You can please some of the people all of the time and all of the people some of the time, but you can%26rsquo;t please all of the people all of the time, or so the saying goes. Well, it%26rsquo;s certainly hard to please Castlevania%26rsquo;s legions of bloodthirsty fans, who demand consistency and innovation in equal measures %26ndash; a nigh-on impossible task. Case in point: the PS1%26rsquo;s seminal %26lsquo;Vania experience, Symphony Of The Night, updated Castlevania%26rsquo;s trademark gothic platforming with lavish visuals and a deep, RPG-tinged metagame. Fans adored it. But since that wave of change, Konami have delved into the murky realm of 3D console gaming with scant success, and hardcore fans have resorted to lapping up Symphony-apeing handheld titles in their stead.
So it was rather odd when Konami unveiled Castlevania: Judgment at E3 this year, a title that was almost certainly not the glorious next-gen reimagining fans have been waiting for since Symphony hit the PS1. That%26rsquo;s right, like the recently announced Dissidia: Final Fantasy for the PSP, Konami are taking all the trappings of one of its most successful franchises and somewhat ham-fistedly crushing them into the confines of a 3D fighter. Current series producer Koji Igarashi explains the dramatic shift in genre as the result of his desire to make a Castlevania game for the Wii that wasn%26rsquo;t hour upon hour of wrist-breaking whip action. His solution was to divvy up your playing time into neatly proportioned rounds of combat, avoiding several early onset arthritis-related lawsuits.
Rather than playing out as a simple brawler, Judgment boasts a more frenetic, free-for-all approach that resembles kookier fighters like Smash Bros and underrated Dreamcast sleeper hit PowerStone. As with PowerStone, combat is somewhat fuzzy because players never have a lock on their opponent, leaving them free to roam about the arena at will. A la Smash Bros, items and NPC enemies appear during combat %26ndash; a pitfall for the unwary. We lost our first match because of some happy-slapping zombies lurking in the background, but in time you%26rsquo;ll learn to use the stage to your advantage. The controls themselves are rather simple. After a brief hands-on, we were waggling the remote to attack and shaking the Nunchuk to dodge with aplomb. Special attacks require holding B, shaking the remote, and a little bit of luck and timing to land with devastating effect.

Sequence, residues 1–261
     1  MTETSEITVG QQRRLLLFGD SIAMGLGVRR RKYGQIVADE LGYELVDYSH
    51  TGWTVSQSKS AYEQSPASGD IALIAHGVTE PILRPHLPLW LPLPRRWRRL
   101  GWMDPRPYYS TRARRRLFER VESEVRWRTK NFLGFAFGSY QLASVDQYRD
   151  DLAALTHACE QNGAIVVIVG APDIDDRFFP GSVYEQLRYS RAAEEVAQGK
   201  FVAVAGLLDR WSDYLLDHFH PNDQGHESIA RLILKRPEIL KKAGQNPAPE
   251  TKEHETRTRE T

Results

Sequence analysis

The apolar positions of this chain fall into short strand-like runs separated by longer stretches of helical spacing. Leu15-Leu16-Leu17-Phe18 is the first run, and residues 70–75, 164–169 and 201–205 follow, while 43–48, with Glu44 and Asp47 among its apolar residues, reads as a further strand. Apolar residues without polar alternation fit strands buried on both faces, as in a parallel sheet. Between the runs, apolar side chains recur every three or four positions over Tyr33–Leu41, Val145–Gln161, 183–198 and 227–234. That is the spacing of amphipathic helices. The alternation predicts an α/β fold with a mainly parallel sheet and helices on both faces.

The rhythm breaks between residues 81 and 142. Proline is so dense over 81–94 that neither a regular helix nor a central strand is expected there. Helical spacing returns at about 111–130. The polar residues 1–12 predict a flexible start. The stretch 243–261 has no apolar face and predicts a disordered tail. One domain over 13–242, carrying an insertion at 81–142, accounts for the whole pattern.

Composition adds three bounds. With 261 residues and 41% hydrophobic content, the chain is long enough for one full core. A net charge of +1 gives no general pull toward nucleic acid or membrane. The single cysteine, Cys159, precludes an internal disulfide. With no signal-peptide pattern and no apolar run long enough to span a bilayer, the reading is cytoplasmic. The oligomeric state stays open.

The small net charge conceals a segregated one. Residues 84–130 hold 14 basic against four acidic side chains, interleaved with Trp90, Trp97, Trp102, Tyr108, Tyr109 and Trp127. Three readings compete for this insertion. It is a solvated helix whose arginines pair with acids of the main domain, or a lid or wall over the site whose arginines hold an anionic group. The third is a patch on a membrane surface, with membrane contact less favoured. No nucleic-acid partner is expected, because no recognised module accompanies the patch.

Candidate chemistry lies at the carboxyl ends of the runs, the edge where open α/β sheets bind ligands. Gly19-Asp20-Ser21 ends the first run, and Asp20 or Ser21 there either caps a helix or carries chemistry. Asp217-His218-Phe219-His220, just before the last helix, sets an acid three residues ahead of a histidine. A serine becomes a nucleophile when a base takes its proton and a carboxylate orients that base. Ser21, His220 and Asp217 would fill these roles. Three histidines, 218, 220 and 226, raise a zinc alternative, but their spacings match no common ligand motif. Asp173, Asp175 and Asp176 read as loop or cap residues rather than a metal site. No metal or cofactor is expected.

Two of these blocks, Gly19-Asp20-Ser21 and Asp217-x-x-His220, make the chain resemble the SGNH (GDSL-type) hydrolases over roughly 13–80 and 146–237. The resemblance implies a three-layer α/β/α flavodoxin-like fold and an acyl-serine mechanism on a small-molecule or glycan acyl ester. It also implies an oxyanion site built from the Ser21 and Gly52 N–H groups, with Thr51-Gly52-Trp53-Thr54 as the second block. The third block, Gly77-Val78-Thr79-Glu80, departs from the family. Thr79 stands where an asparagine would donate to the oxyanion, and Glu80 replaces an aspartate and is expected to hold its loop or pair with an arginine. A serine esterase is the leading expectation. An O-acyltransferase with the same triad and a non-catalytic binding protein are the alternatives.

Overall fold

So far the only confirmed characters are Dracula, Simon Belmont, Alucard and mystical jailbait Maria Renard, though Konami tells us this number will rise to a respectable 14 series-spanning fighters upon release. Given the expansive cast of guys and ghouls, we wouldn%26rsquo;t be surprised if Richter Belmont, Death and Soma %26lsquo;I can feel Dracula deep inside me%26rsquo; Cruz make appearances in the roster, too. Konami has said that a few of the series%26rsquo; more notorious enemies will crop up as well, but whether they%26rsquo;re playable characters or stage furniture remains to be seen.
That said, long-time fans are likely to take issue with the art direction, which to our eyes seems a little too Kingdom Hearts-cheery next to the dark gothic stylings of previous Castlevania games. Indeed, feyness is the order of the day %26ndash; so much so that the Simon Belmont that has thus far been depicted as something of a medieval barbarian is now an S%26amp;M fetishist with boyband good looks, and series-favourite Alucard has ditched his trademark baroque vest and cloak, now resembling the Vatican%26rsquo;s entry into the rhythmic gymnastics event at this year%26rsquo;s Olympics. For hard-bitten Castlevania fans, it might be just a little too much. Like placing Mario in a mini-skirt, some things aren%26rsquo;t meant to be tampered with.
Similarly, hardcore fans obsessed with things like continuity and story might grumble about the plot, which uses time travel as a convenient excuse for why protagonists from across Castlevania%26rsquo;s millennium-long timeline are suddenly fighting face-to-face with fang features and each other. For the time being, it seems Judgment lacks some of the colour and depth of customisation that fans have come to expect of the series. As to whether it shapes up into being a truly memorable Castlevania game, we%26rsquo;ll be reserving, ahem, %26lsquo;judgment%26rsquo; until release.
Sep 2, 2008